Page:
I had wanted to visit Dennis Severs’ House for a long time now, ever since I first came across it some years ago. I was working nearby in Spitalfields, and I happened to notice the imposing Georgian house with its sleek black door lit up by a gaslight as I walked by it on 18 Folgate Street. I was intrigued about what lay inside as I thought it was a museum, but I never actually went in there until now. Dennis Severs header I was recently having a chat with my deaf and hard of hearing friends on ‘The Tree House’ Facebook group about what museums and exhibitions we wanted to go and see as a group when I suddenly remembered this place. I had a look on their website and saw that they did evening candlelit tours in silence. Perfect! For once none of us need worry about whether it would be accessible to us or what sort of communication support, if any, would be provided. We could all do the tour in silence, and it would be a level playing-field for all. So our small group arranged to meet up last Monday to do the silent candlelit tour. We met up beforehand and arrived in front of the house at our allocated time of 7.30 pm. My wife Joanna knocked on the door, which was opened by a rather creepy, formal-looking bloke, who stood outside and explained the house rules to us in a rather stern manner. I couldn’t follow what he was saying, but Joanna said that he was explaining what to expect inside and what the “rules of the game” were. He was telling us to be careful of the lit candles and to observe the house rules of not speaking once we were inside the house. Dennis Severs dining room The candlelit tour of Dennis Severs’s House is a silent tour of the ten rooms, which make up the house. Dennis Severs was an eccentric Californian artist who bought the dilapidated Georgian house in 1979 and then spent the next twenty years doing it up and buying paintings, furniture, old crockery and artefacts to furnish the house and create the atmosphere and moods that he wanted to show the public to demonstrate his art. Unlike other museums, it feels like you are stepping into a domestic family scene full of living, breathing people and he wanted us to use our senses to imagine the domestic scene of the time, which was unfolding before our eyes. Dennis Severs pic in house We were asked to imagine a fictional Huguenot family of silk weavers called the Jervises, who apparently lived in Georgian times, but it feels like you are time-travelling, because although most of the scenes you come across are from the18th Century, there are actually some objects and artefacts which date from as recently as 1914. We started our tour in the basement and moved from room to room, before climbing the creaky stairs to discover the rest of the house floor by floor. Immediately we walked into the kitchen, it felt like we had just disturbed the Jervis family, who had left only moments before. There was half-prepared food on the kitchen table. I could smell the oranges and fruit left there, and see a pillar of natural sea salt, which they used to season their meals. We were being asked to use our imagination to picture the scene of food being prepared and cooked there. As we walked around the kitchen, we observed and took in the sights and smells before us in silence, whilst signing to one another to point things out and ask questions of each other. It was good that my limited sign language was proving handy to communicate with the others and we were all enjoying the moment. Dennis Severs kitchen As we moved up the floors from room to room a story of domestic family life was unfolding before our eyes. In several rooms there were paintings on the walls by Hogarth and other Old Masters showing the faces of some of the household members, which were lit by candlelight and the smoky light of the open fires in the hearths. It felt like I was stepping into a 3-D painting, which was full of life. There were various signs scattered amongst the rooms providing a brief explanation of what each room was showing, and throughout the house there were signs asking us “Have you got it yet?”, as if the owner was playing a game with us. Dennis Severs Hogarth In one of the sitting rooms there was a clock ticking and even though I couldn’t hear it, I could imagine it ticking. I could also feel the very old uneven floorboards creaking as I moved across them and smell the food, which had been left there half-eaten. Half a glass of port had been left there, along with a pair of glasses, as if whoever had been there had been disturbed halfway through their meal. Joanna signed to me that there were sound effects of birds tweeting in a cage and church bells ringing from the church outside. I couldn’t hear these sounds but I could feel and imagine them. It felt like an attack on my senses, and it was very atmospheric in the smoky, candlelit rooms. Smoking Room detail As I walked into one of the bedrooms, I saw a four-poster bed, which was still unmade. There was a black cat lying on the bed, which I assumed was stuffed. Even though we were not supposed to touch anything, I couldn’t resist the temptation to see if it was real or not, so imagine my surprise when I reached out to touch it and I saw its tail twitch! It was a real-life cat, which apparently lives in the house, so I stroked it and I could feel it purring. When we left the house, we went over the road to a lovely pub, where we chatted about the house and what we thought of the experience. We had all really enjoyed it, as it was different to anything we had seen before and we hadn’t had to worry about access and communication barriers. We were a group of hearing and deaf people, so we chatted in a very relaxed way, using a mixture of talking, lipreading and signing. My friends Sara and Eloise ordered their now signature chocolate cakes, and Sara told us that her chocolate cake was the best she’d had so far! We all had a great time at Dennis Severs’s House, which was an amazing visual sensory experience. The artist David Hockney once rated it as “standing amongst those of the greatest opera experiences”. I’d love to go back there again one day as I’m sure that I’ll see and experience things that I’ve missed this time. It’s definitely one to go back to and revisit. Dennis Severs_end picture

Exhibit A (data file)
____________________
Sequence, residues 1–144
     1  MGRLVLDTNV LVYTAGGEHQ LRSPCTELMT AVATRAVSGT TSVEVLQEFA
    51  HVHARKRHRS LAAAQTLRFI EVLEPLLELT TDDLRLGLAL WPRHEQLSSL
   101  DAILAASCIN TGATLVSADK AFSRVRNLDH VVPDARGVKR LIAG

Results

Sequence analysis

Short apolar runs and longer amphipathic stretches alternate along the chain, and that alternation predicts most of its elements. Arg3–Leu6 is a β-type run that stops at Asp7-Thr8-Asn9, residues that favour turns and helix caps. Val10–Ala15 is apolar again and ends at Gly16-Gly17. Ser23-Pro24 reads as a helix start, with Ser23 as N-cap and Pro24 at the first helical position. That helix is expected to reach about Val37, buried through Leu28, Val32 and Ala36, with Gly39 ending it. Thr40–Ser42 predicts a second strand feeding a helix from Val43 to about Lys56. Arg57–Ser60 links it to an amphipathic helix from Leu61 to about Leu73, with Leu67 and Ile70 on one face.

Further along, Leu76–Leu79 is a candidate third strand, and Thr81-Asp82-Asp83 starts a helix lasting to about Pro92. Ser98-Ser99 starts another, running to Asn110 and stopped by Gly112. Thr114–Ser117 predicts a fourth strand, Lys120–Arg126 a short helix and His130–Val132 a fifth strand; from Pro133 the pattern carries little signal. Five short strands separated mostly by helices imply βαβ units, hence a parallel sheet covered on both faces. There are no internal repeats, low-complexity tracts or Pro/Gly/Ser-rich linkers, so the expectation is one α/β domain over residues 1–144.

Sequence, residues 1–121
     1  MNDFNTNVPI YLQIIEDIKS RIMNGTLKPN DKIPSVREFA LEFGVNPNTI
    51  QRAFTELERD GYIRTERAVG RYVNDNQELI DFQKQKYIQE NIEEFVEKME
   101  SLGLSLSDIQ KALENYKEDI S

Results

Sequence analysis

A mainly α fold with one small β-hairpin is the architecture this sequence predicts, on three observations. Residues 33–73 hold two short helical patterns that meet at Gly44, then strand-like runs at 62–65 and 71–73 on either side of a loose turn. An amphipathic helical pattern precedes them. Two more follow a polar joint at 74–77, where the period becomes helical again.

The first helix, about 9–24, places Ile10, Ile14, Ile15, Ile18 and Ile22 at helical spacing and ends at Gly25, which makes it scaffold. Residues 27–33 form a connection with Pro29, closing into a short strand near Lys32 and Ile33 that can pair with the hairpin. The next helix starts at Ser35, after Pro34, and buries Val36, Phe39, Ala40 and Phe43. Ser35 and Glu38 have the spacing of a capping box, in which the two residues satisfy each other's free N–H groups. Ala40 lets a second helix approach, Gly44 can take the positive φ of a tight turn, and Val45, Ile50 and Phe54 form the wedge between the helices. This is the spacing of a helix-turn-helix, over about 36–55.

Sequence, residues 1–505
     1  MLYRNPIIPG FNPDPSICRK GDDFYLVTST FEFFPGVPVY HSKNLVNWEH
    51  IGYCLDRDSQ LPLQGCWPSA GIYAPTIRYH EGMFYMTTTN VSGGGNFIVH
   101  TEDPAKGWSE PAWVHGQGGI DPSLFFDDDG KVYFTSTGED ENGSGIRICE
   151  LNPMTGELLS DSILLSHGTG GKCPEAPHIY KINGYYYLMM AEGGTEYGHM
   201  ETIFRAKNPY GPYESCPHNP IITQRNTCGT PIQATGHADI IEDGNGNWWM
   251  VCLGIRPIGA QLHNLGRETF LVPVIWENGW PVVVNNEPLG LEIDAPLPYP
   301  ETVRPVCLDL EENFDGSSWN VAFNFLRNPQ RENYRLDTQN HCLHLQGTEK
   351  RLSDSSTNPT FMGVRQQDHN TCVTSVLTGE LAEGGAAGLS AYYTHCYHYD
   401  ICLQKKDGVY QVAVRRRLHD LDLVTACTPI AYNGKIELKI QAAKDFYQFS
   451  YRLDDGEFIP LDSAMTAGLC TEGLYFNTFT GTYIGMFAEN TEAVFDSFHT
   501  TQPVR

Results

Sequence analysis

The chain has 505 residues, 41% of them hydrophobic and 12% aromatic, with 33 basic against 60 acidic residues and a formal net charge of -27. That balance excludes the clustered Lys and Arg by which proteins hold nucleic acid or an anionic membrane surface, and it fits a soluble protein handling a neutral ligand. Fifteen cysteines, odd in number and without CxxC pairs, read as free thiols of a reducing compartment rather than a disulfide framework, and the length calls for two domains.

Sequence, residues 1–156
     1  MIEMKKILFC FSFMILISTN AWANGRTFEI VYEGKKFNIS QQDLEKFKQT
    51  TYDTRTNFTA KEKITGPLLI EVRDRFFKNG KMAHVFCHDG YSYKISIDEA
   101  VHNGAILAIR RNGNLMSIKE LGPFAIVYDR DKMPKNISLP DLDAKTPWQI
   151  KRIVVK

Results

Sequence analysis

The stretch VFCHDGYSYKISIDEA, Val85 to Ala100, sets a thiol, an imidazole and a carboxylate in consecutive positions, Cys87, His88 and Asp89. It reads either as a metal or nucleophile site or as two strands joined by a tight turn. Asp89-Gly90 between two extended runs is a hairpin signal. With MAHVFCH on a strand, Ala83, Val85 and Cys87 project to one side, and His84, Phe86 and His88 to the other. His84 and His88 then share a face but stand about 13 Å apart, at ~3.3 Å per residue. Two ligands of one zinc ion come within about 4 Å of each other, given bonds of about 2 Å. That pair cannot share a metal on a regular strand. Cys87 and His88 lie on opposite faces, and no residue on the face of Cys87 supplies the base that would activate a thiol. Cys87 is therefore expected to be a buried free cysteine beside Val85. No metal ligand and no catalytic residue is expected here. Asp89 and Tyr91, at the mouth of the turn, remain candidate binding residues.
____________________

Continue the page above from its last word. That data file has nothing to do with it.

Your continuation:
Tom Shakespeare on Enabling Equality: Label Jars Not People!